Krumholz passed away this past December at the age of 92, leaving a momentous legacy both in Cleveland and the planning profession at large. In a celebration of his life held at Cleveland State last Saturday, some “300 friends, family members, former colleagues, students, and all-around admirers” turned out to pay their respects to Krumholz’s life and career, according to Steven Litt of The Plain Dealer.
Equity planning, which Krumholz championed as a public servant, professor, and author, is an approach that, as he explained to my class back then, “plans the most for those with the least.” In other words, that “government institutions give priority attention to the goal of promoting a wider range of choices for those residents who have few, if any, choices,” as was stated in the Cleveland Planning Commission’s 1975 Policy Planning Report.
It was a radical approach in the ‘70s when he employed it, and remains so in 2020. In today’s planning environment, it is perhaps needed as much as ever, as income inequality, climate change, and thirst for development profits in major urban centers around the world threaten to further cast aside vulnerable people and their neighborhoods.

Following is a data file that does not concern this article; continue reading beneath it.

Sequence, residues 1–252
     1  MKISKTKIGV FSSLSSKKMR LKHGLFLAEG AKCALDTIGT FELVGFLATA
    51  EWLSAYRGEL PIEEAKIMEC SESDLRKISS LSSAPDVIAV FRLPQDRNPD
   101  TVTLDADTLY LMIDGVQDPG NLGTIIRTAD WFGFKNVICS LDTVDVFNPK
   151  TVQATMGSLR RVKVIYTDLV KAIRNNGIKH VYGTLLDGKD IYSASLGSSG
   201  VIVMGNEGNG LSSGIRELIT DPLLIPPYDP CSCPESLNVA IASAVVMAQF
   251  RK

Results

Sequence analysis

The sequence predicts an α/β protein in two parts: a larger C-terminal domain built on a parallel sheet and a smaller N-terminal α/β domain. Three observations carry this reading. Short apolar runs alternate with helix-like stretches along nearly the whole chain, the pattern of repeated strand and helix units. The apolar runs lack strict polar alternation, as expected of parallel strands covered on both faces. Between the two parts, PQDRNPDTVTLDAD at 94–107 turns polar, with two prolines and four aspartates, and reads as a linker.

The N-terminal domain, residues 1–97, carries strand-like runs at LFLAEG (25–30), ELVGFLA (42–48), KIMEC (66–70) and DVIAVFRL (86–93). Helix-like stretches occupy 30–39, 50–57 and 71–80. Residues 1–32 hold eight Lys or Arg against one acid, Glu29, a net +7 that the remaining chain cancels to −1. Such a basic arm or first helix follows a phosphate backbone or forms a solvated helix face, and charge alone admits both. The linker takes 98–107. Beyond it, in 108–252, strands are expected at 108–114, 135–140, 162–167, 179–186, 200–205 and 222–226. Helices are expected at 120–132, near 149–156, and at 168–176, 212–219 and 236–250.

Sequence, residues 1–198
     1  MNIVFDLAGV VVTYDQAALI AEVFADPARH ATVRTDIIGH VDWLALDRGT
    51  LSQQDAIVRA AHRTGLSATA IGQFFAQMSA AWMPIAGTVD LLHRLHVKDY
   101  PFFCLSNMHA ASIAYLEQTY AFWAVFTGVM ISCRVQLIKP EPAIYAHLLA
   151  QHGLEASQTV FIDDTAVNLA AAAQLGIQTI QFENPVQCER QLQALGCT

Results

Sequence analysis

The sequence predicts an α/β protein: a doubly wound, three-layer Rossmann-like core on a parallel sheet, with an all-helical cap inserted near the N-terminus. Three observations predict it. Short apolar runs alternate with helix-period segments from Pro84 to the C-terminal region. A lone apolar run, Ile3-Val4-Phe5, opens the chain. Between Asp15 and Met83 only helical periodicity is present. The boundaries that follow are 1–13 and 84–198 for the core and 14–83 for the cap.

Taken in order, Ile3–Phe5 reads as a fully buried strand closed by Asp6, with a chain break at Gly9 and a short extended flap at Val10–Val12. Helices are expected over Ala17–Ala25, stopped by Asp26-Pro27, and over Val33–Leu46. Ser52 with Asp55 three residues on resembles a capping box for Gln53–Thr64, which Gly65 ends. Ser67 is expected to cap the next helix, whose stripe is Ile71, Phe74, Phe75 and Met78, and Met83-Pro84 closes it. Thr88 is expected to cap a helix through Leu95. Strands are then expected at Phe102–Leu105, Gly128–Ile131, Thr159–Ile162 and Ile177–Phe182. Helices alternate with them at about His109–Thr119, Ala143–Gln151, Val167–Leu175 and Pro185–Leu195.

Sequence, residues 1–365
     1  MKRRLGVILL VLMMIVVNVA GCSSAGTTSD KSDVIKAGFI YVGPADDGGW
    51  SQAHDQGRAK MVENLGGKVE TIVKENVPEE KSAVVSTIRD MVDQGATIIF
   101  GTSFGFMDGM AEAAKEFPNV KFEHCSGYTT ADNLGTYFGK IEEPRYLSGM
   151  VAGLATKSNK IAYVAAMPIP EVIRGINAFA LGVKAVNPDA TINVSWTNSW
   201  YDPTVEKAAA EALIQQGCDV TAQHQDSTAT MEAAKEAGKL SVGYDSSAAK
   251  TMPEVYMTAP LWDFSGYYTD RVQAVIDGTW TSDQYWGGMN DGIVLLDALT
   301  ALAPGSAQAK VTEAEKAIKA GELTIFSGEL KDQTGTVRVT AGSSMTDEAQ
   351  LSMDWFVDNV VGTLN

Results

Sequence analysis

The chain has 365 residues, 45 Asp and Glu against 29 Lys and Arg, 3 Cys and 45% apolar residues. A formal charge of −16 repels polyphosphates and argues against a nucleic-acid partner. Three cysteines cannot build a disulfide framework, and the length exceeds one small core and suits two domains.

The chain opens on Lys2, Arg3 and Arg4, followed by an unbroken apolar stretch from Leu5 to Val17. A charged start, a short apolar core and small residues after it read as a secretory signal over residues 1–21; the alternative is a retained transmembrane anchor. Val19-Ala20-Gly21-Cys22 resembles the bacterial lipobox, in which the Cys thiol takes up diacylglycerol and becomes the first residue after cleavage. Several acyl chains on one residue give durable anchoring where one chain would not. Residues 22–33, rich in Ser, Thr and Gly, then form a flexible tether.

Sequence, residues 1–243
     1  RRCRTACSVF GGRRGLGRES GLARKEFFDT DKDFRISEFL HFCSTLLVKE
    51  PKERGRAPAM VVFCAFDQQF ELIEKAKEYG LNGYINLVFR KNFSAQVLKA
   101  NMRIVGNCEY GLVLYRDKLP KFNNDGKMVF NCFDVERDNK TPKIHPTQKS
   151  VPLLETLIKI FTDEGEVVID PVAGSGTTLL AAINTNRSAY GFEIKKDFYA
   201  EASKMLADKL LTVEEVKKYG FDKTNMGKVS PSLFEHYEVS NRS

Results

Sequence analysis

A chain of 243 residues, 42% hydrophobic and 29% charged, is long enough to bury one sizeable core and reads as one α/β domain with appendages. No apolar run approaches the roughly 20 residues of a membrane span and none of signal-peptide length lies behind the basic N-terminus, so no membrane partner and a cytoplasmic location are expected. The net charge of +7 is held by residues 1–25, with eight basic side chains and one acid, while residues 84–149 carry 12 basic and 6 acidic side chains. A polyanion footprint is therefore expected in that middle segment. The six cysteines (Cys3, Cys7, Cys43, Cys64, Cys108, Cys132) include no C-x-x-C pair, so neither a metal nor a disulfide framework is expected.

Equity planning is about engaging people where they live, activating them as politically astute partners in the development process, and, ultimately, allowing them to chart the course forward for themselves and their communities.
“It’s fundamental and essential for the neighborhoods to express their wishes, and not have a planner, even a planner with the best of intentions, impose his or her view of what the neighborhoods need on the neighborhoods,” Krumholz told Jonathan Welle for Cleveland Scene in a 2015 interview.